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Primary amebic meningoencephalitis (PAM) is a serious infection and inflammation of the brain caused by Naegleria fowleri 1, 2. The disease is diagnosed using specific laboratory tests available in only a few laboratories in the United States. Because of the rarity of the infection and difficulty in initial detection, about 75% of diagnoses are made after the death of the patient.

PAM and Naegleria fowleri infection can be diagnosed in the laboratory by detecting 3:

  1. Naegleria fowleri organisms in cerebrospinal fluid (CSF), biopsy, or tissue specimens, or
  2. Naegleria fowleri nucleic acid in CSF, biopsy, or tissue specimens, or
  3. Naegleria fowleri antigen in CSF, biopsy, or tissue specimens.

Naegleria fowleri test methods

Direct visualization 4, 5: The motile amebae can often be seen moving rapidly under a microscope when looking at a fresh sample of CSF. The amebae can also be stained with a variety of stains, such as Giemsa-Wright or a modified trichrome stain, for identification.

Antigen Detection  4, 5: A specific antibody to Naegleria fowleri can be used in conjunction with another antibody that deposits a chemical (immunohistochemistry [IHC]) or glows under specific types of light (indirect immunofluorescence [IIF]) to directly stain the amebic antigens in tissue.

Polymerase Chain Reaction (PCR) 6, 7, 8: Specific molecular tools can amplify DNA from the amebae in CSF or tissue to specifically identify if the amebae are present. Looking at strains or subtypes of Naegleria fowleri can be done, but little is known about the natural populations in the environment, which makes it difficult to interpret what the findings mean.

Ameba culture 9: The amebae can be grown in culture to increase the likelihood of detecting the ameba by direct visualization or PCR. The sample is added to a growth plate covered in bacteria that can serve as a food source for Naegleria fowleri. The initial screening is accomplished by incubating the plate at a higher temperature (108°F/42°C) that kills most free-living amebae, while selecting for heat-loving (thermophilic) amebae, such as Naegleria fowleri or other amebae. This initial screen shows up as tracks made by an ameba as it moves across the plate eating the bacteria. If there are no amebae on the plate grown at the higher temperature, then Naegleria fowleri is not present. If heat-loving (thermophilic) amebae are present on the plate grown at the higher temperature, then these amebae undergo further specific testing to determine whether Naegleria fowleri is present since other free-living amebae can also be heat-loving (thermophilic). (NOTE: Amebae 10-12, including thermophilic amebae 13 other than Naegleria fowleri, can be common in water systems but none of these other amebae cause primary amebic meningoencephalitis (PAM)).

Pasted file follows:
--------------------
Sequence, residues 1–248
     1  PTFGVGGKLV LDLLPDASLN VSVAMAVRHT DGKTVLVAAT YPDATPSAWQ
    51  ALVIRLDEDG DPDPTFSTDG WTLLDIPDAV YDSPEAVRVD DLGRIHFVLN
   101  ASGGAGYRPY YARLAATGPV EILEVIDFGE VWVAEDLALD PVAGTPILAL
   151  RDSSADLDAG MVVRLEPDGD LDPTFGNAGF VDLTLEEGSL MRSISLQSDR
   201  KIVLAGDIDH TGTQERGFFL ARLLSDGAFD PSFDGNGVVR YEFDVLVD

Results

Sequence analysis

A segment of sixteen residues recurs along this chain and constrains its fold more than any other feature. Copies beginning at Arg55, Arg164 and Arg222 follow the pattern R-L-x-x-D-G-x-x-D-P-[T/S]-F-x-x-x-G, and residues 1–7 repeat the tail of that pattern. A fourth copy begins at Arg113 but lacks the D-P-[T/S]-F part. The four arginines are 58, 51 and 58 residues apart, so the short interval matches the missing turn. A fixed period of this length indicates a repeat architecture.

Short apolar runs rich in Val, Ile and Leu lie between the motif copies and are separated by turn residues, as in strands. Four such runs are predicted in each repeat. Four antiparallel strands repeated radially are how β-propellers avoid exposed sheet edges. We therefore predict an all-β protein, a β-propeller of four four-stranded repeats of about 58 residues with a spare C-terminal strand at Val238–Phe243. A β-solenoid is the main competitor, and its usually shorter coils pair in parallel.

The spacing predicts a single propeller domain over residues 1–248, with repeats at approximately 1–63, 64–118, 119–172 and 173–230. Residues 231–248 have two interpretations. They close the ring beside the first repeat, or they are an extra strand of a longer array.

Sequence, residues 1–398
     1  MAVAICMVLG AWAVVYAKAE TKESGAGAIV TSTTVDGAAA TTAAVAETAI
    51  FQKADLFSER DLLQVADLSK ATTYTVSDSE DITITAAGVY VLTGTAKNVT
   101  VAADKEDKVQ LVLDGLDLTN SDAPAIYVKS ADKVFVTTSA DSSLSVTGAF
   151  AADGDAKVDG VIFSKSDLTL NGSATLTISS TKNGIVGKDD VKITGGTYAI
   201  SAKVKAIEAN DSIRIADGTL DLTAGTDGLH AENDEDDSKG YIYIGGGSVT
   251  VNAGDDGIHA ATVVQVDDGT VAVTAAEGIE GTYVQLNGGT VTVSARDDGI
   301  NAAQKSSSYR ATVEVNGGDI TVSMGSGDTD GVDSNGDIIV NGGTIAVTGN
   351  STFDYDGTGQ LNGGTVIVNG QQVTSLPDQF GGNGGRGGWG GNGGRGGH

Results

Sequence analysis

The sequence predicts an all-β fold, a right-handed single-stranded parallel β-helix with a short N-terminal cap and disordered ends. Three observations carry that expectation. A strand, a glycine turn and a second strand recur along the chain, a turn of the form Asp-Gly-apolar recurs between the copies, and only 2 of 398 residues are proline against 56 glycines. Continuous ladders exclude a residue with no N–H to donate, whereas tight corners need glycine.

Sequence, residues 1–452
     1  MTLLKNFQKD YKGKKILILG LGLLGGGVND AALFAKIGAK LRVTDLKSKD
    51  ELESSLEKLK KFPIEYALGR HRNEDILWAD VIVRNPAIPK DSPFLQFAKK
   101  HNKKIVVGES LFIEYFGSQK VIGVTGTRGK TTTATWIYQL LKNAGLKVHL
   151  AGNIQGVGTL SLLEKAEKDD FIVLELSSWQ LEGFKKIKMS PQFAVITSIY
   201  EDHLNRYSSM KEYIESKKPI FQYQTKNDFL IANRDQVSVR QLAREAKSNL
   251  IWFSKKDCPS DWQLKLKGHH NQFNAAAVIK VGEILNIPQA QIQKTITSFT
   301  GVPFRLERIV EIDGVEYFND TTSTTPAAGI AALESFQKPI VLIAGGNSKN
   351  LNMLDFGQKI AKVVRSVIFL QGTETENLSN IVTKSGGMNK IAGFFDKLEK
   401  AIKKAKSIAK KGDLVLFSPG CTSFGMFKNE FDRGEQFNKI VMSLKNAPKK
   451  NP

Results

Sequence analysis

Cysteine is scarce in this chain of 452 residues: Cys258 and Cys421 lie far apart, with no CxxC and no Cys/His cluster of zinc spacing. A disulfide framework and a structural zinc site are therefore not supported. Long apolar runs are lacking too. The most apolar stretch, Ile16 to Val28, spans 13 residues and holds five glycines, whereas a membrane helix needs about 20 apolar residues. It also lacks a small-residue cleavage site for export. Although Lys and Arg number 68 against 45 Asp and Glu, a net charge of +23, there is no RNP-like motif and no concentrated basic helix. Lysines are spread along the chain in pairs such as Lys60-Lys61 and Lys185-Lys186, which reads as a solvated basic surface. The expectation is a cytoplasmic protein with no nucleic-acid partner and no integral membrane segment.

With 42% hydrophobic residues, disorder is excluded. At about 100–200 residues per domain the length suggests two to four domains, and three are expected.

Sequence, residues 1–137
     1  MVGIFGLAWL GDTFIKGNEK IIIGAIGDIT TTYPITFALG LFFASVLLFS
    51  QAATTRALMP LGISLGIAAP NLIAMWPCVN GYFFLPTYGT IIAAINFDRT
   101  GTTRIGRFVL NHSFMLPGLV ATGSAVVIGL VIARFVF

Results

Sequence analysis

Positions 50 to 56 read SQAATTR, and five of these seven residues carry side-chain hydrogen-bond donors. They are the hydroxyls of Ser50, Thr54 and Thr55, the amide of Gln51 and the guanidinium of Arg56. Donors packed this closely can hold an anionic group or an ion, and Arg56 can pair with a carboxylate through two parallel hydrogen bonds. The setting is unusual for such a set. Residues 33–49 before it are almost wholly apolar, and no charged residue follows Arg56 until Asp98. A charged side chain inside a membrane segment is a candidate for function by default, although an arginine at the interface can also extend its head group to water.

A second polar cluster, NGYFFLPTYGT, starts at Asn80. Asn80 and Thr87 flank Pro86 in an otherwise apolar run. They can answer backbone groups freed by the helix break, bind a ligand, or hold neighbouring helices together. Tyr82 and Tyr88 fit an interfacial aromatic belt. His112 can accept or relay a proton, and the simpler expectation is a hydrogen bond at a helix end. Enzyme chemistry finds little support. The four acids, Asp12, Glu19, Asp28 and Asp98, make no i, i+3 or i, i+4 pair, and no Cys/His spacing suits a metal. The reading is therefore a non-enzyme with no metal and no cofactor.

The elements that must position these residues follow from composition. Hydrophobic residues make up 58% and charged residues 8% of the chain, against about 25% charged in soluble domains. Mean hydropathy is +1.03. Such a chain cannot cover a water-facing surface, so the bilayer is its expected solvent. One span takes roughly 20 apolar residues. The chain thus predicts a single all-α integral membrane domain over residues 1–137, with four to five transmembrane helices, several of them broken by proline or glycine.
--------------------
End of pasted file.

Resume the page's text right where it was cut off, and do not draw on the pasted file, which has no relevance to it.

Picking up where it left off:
Environmental Detection: Water samples can be collected, concentrated, and put into culture to grow and select for Naegleria fowleri. Samples can be tested using the serologic or molecular methods described above.

References
  1. Marciano-Cabral F, Cabral G. The immune response to Naegleria fowleri amebae and pathogenesis of infection. FEMS Immunol Med Microbiol. 2007;51:243-59.
  2. Visvesvara GS. Free-living amebae as opportunistic agents of human disease. [PDF - 13 pages] J Neuroparasitol. 2010;1.
  3. Council for State and Territorial Epidemiologists (CSTE). Case definitions for non-notifiable infections caused by free-living amebae (Naegleria fowleri, Balamuthia mandrillaris, and Acanthamoeba spp.) [PDF - 10 pages]. Infectious Disease Committee. 2012.
  4. Visvesvara GS. Amebic meningoencephalitides and keratitis: challenges in diagnosis and treatment. Curr Opin Infect Dis. 2010;23(6):590-4.
  5. da Rocha-Azevedo B, Tanowitz HB, Marciano-Cabral F. Diagnosis of infections caused by pathogenic free-living amoebae. Interdiscip Perspect Infect Dis. 2009;2009:251406.
  6. Qvarnstrom Y, Visvesvara GS, Sriram R, da Silva AJ. Multiplex real-time PCR assay for simultaneous detection of Acanthamoeba spp., Balamuthia mandrillaris, and Naegleria fowleri. J Clin Microbiol. 2006;44(10):3589-95.
  7. Robinson BS, Monis PT, Dobson PJ. Rapid, sensitive, and discriminating identification of Naegleria spp. by real-time PCR and melting-curve analysis. Appl Environ Microbiol. 2006;72(9):5857-63.
  8. Marciano-Cabral F, MacLean R, Mensah A, LaPat-Polasko L. Identification of Naegleria fowleri in domestic water sources by nested PCR. Appl Environ Microbiol. 2003;69:5864-9.
  9. Visvesvara GS. Parasite Culture: Acanthamoeba and Naegleria spp. In: Garcia LS, editor. Clinical Microbiology Procedures Handbook. 3rd ed. Washington, DC: ASM Press; 2010.
  10. Stockman LJ, Wright CJ, Visvesvara GS, Fields BS, Beach MJ. Prevalence of Acanthamoeba spp. and other free-living amoebae in household water, Ohio, USA--1990-1992. Parasitol Res. 2011 Mar;108(3):621-7.
  11. Seal D, Stapleton F, Dart J. Possible environmental sources of Acanthamoeba spp. in contact lens wearers. Br J Ophthalmol 1992;76:424–427.
  12. Shoff ME, Rogerson A, Kessler K, Schatz S, Seal DV. Prevalence of Acanthamoeba and other naked amoebae in South Florida domestic water. J Water Health 2008;6:99–104.
  13. Rohr U, Weber S, Michel R, Selenka F, Wilhelm M. Comparison of free-living amoebae in hot water systems of hospitals with isolates from moist sanitary areas by identifying genera and determining temperature tolerance. Appl Environ Microbiol. 1998 May;64(5):1822-4.
 
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